Hear Ye! Hear Ye! The End of Cigarette Advertising is Near

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Historians may record that it was the confluence in time and space of two events the unprecedented success of the "Old Joe" Camel ads and the anticipated U.S. Supreme Court ruling against tobacco companies which triggered the beginning of the end for cigarette advertising in America.

* At a December, 1991 press conference in New York, Dr. George D. Lundberg, editor of The Journal of the American Medical Association, announced that there was now solid scientific evidence that children recognized "Old Joe" as readily as they did Mickey Mouse. Indeed the evidence of cigarette awareness among young kids is so startling that the geniuses behind this campaign should step forward and take a bow. They have indeed succeeded in their mission; by cleverly linking smoking and sexual images, they got their message across to our children.

Unfortunately for the advertising industry, the ad's "success" ignited outrage in the medical community. "Old Joe", Dr. Lundberg said, was "the metaphorical straw that broke the advertising camel's back", one which would start the dominoes falling on all cigarette advertising.

* In October, 1991, the United States Supreme Court heard opening arguments in the case of Cipollone v. Liggett. The survivors of Rose Cipollone, a smoker who developed lung cancer, claim that the manufacturers are responsible for her death. The industry disagrees arguing that Congress "pre-empted" them from liability when it mandated warning labels. The Court will not decide the merits of Mrs. Cipollone's case, but rather whether or not cigarette companies are immune from lawsuits.

After the October, 1991 arguments (with only eight justices) the high Court was apparently deadlocked (they usually take a preliminary vote after the opening arguments) and decided to re-hear the case on January 13, 1992 with Judge Clarence Thomas as tie-breaking vote. (A ruling is expected early this summer.) Judicial bookies give odds that Thomas (given his states rights orientation) will rule against federal pre-emption, thus removing the industry's shield of legal immunity. The result: a growing number of lawsuits.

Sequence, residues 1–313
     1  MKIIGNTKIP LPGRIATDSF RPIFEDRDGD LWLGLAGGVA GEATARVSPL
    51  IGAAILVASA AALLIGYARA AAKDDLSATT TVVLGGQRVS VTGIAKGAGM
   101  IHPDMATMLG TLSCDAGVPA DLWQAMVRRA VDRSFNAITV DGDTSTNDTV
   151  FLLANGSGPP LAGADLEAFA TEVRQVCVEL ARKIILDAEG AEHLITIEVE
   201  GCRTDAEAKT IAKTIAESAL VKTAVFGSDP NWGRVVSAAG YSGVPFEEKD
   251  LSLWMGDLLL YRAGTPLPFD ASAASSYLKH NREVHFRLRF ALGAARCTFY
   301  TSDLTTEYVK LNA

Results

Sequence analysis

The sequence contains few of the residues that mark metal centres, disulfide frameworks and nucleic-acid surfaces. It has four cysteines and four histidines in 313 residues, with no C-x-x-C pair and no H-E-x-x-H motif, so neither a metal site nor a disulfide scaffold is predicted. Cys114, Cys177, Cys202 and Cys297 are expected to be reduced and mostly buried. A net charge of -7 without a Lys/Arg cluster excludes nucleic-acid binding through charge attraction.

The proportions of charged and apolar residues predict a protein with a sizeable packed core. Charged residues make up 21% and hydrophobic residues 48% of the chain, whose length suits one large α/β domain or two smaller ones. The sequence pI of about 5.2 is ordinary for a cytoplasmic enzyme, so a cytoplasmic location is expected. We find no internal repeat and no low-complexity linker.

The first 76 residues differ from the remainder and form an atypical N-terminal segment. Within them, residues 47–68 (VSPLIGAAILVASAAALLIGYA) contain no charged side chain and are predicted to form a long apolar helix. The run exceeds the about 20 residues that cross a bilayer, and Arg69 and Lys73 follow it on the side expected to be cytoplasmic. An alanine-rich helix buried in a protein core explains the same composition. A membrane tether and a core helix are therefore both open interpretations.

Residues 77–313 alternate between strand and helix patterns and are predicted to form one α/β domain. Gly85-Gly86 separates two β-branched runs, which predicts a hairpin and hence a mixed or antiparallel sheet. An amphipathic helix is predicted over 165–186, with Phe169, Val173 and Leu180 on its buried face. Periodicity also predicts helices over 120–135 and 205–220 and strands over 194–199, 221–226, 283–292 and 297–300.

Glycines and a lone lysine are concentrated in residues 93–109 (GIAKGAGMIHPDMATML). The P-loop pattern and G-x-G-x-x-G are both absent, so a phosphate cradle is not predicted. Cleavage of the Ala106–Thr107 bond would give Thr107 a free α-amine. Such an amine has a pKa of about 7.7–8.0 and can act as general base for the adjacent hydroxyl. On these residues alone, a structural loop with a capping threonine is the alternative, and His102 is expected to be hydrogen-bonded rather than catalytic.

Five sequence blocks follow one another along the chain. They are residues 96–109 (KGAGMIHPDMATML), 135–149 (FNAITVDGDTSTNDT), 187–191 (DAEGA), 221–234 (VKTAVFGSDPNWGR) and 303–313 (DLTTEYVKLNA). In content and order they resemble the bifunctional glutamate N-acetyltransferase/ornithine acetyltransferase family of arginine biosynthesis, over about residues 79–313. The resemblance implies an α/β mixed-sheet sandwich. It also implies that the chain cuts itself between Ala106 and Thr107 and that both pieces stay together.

Whether or not smokers prevail in later court actions for damages is problematic. However, in any scenario, cigarette advertising itself will be on trial: the cornerstone of the plaintiff's argument for product liability will be that the industry was and is actively involved in a strategy of deception to negate the effects of warnings by using ads associating smoking with sex, machoism, youth and the good life. In press coverage of these trials, Americans will get unprecedented insight into how the manufacturers of the leading cause of premature death manipulate the media and consumers through misleading advertising to entice the public to use an inherently dangerous product. The long simmering public contempt for cigarette advertisements, recently further fueled by "Old Joe" and the proof that ads reach children, will boil over. The call for an advertising ban will assume new momentum.

Under another scenario (with the same end results), should the plaintiffs be awarded damages in jury trials, tobacco manufacturers may seek to minimize future losses. To do so they could admit that cigarettes present health risks, offer to feature skull and cross bones labels and promise to market only on an "informed consent" basis, whereby smokers assume all the responsibility for the consequences of smoking. Continued advertising, at least as we now know it, would be incompatible with this new "here's the truth, you're on your own" strategy.

Thus, cigarette ads will disappear from magazines, newspapers and billboards. Perhaps they will by forced by consumer-driven congressional action. Or, as was the case with radio and television ads, industry may voluntarily withdraw them to prevent even stricter regulation. But, inevitably, there will be those who still defend the "right" to advertise. To them I ask: How can you rationalize advertising a product which, when used as intended, maims and kills, claiming the lives of 1,300 Americans each day? (That's the equivalent of two filled-to-capacity jumbo jets crashing daily.)

Because cigarettes are the only inherently hazardous legal U.S. product, current-day analogies don't exist. But consider the patent medicine Radithor, a radium water widely marketed and advertised in the 1920s. In ads, Radithor's manufacturer promised consumers that daily consumption would give them extra energy and make them feel good all over. Radithor users paid for their "glow" of health with prolonged and grisly deaths from leukemia, bone cancers and other radium-induced malignancies. The only difference between radium water and cigarettes is one of historical accident, in that cigarettes gained an economic and biochemical stranglehold on this country before scientists established them as hazards. To modern day champions of cigarette advertising I pose this question: If Radithor were approved for sale today would you defend the "right" to spend over 3.5 billion dollars advertising and promoting it both to children as well as adults?

(From Priorities Vol. 4, No. 1, 1992)